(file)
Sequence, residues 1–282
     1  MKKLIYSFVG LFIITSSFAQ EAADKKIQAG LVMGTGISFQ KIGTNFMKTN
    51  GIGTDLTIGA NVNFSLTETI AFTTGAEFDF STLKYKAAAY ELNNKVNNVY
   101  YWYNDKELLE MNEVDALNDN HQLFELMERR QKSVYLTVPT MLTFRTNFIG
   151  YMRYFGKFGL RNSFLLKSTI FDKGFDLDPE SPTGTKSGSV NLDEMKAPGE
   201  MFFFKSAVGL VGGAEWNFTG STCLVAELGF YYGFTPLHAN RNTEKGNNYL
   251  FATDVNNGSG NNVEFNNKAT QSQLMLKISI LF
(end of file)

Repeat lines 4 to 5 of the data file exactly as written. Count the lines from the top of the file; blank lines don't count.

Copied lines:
   101  YWYNDKELLE MNEVDALNDN HQLFELMERR QKSVYLTVPT MLTFRTNFIG
   151  YMRYFGKFGL RNSFLLKSTI FDKGFDLDPE SPTGTKSGSV NLDEMKAPGE